The diamond-plate checkering (20 lpi) on both the frontsrap and backstrap is cut at 60 degrees rather than the traditional 90 degrees and its grip panels are made of G10 by Mil-Tac. The unique pattern is called the Horned Toad, which is a perfect description. Combined with the aggressive diamond-plate checkering, the gun is very easy to hold when engaged in serious rapid fire. A Smith & Alexander magazine well, with its characteristic large, flared mouth, ensures smooth and fast reloading.
Ambidextrous safeties address the needs of both right- and left-handed shooters, while adjustable target sights are dovetailed nicely into the slides. The sights are black, ensuring a precise sight picture under daylight conditions, but there is a red fiber-optic element installed in the front sight blade. Want a different color or perhaps nothing at all? Tell Williams. The composite, skeletonized trigger breaks crisp and clean and has an overtravel screw. Springfield 1911s usually have a 4 1⁄2-pound trigger pull with competition models breaking around 3 1⁄2 pounds, but there is some negotiation room here within the bounds of sanity, liability and reliability. Having exactly the same trigger at every match in every caliber means no re-education of the trigger finger between stages—no matter the match in which you're competing, regardless of the caliber you select.
It didn't take much concentration to maintain groups of 1 1⁄2 inches at 50 feet, nor were the 6-inch steel plates at 25 yards much of a challenge. With the rear target sight all the way down, Remington's .40-caliber, 155-grain jacketed hollow points smacked the lower half of the plate at 25 yards and dropped low on the same-size plates at 50 yards. A few elevation clicks on the rear sight centered bullet impact on the 25-yard steel and made gray splashes on the bottom half of the 50-yard plates. The Springfield ran smoothly and effortlessly through 200 rounds without a murmur.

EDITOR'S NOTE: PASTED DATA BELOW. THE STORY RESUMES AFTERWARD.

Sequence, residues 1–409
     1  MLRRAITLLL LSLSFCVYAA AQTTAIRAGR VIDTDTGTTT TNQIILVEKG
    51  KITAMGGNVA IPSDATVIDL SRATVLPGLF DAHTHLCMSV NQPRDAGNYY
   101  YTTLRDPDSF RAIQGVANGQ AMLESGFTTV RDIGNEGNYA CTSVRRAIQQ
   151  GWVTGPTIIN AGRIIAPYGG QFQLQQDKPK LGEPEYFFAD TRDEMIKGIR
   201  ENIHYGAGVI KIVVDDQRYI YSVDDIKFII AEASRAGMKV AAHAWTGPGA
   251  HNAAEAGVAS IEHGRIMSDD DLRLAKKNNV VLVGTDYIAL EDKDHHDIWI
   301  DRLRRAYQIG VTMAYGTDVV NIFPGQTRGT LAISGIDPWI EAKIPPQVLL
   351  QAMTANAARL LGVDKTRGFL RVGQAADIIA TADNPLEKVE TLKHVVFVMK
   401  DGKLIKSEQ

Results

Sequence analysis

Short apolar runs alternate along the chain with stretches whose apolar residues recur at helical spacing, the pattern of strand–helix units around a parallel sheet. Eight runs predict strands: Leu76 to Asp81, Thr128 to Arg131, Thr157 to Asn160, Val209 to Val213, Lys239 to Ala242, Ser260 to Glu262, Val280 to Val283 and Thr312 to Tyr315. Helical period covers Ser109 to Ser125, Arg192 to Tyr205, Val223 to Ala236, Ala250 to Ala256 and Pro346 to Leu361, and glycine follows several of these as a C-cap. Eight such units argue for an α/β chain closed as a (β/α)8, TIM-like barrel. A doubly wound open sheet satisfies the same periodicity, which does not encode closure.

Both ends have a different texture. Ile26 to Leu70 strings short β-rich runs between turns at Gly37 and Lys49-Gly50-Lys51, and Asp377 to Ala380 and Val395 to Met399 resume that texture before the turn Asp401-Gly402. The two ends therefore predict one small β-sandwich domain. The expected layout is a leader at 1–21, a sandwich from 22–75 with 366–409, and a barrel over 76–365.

My final conversation with Williams was not the typical enthusiastic cheerleading session we usually have after I've enjoyed some prolonged range time with one of his Custom guns. He cautioned me about presenting this gun as the solution for every shooter who might be considering competitive shooting. Swapping calibers is not as simple as a barrel change on a T/C Contender. Some finesse is required when installing the ejector, extractor and Springfield's cartridge positioner. "You don't have to graduate a 1911 gunsmith school," he said, "but you need to be intimately familiar with the 1911. It's not just about disassembly and re-assembly of parts; it's about fitting and tuning some of the components."
Words like "fitting" and "tuning" always get my attention. They indicate skills beyond just beating something into place with a rock or, failing that, beating something with a bigger rock. I'm kind of borderline Neanderthal in most of my tinkering talents, and it would take me some time to get comfortable with changing diapers on the Springfield match gun. But, if there was ever a gun to get me back into the diaper-changing business, this is it!